Philadelphia’s third-round selection in 2015 Felix Sandstrom had an even more statistically impressive WJCs for Team Sweden with 4-2, 2.17, .915 totals. The 20-year-old earned the tournament’s Best Goaltender Award after his second full Swedish Hockey League campaign backstopping defensively-strong Brynas IF and posting a .908 save percentage and 2.25 goals-against in 22 contests. He’s a fundamentally sound goalie who also has NHL starter upside but will likely stay in Sweden for at least the next few campaigns.
While Jacob Markstrom and Anders Nilsson form one of the lesser-regarded NHL net duos, their roles are likely semi-temporary as the Canucks have two of the top goalie prospects in the game waiting for their chances – Thatcher Demko and Rick DiPietro.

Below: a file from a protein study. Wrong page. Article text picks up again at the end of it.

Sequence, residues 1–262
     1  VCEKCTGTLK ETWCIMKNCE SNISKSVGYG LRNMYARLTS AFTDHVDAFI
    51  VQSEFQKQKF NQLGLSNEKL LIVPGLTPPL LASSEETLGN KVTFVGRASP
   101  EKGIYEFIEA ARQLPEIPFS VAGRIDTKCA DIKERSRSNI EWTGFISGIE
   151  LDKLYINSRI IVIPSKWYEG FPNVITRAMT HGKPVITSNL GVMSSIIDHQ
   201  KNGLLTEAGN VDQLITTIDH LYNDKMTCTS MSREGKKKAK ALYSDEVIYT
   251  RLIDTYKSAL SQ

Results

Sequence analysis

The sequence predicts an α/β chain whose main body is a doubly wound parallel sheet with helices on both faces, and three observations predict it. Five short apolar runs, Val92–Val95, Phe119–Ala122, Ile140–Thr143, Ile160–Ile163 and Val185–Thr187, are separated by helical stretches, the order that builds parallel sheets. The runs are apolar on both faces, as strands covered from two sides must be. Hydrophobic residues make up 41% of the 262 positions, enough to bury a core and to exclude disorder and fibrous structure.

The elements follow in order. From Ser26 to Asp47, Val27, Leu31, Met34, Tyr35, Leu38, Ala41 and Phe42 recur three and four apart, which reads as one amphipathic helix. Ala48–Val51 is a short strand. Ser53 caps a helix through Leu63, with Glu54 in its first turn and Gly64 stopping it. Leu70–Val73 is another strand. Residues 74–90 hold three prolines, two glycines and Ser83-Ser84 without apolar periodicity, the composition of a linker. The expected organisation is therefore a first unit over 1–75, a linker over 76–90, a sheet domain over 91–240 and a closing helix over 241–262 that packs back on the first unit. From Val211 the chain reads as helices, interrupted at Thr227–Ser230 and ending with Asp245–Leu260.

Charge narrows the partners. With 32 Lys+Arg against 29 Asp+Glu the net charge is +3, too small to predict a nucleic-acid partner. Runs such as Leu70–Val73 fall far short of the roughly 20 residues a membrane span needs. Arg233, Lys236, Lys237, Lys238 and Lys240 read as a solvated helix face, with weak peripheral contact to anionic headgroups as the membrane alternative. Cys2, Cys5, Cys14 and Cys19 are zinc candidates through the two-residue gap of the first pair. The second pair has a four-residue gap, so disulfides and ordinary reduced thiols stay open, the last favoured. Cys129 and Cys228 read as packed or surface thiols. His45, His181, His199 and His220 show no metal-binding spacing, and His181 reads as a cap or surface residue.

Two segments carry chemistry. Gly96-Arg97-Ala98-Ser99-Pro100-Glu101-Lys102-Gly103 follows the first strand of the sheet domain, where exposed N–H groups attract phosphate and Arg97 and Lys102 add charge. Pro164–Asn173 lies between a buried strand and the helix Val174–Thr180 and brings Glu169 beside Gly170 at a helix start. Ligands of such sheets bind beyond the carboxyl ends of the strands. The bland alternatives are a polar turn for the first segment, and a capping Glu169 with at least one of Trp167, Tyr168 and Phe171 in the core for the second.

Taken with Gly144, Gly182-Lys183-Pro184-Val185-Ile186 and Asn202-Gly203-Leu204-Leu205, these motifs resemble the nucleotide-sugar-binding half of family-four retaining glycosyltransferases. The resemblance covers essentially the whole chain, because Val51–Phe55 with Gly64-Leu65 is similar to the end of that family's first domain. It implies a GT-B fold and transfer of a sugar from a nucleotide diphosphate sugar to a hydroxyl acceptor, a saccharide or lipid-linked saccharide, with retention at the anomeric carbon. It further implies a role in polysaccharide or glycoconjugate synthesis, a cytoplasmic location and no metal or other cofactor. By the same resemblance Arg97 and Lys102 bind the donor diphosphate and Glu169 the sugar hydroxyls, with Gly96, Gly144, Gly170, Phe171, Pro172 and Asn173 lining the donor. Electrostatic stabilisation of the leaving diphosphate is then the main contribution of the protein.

Demko finished his first professional campaign on a tear with a 13-4-0 record, 1.90 goals-against and .933 save percentage for AHL Utica prior to two disastrous games to end the year in which he allowed ten total goals. His overall record was 22-17-4 (with a 2.68 GAA and .907 SV%) under now Canucks’ Head Coach Travis Green. Widely considered the top NHL goalie prospect, the 6-04 Demko moves well in the net covering large amounts of it with quick reflexes. He regularly steps up to meet skaters at the top of the crease when they threaten. While some say otherwise, I’m thinking he’ll get in some NHL action during the second half of this year and strongly contend for the number one job in 2018-19 if not sooner.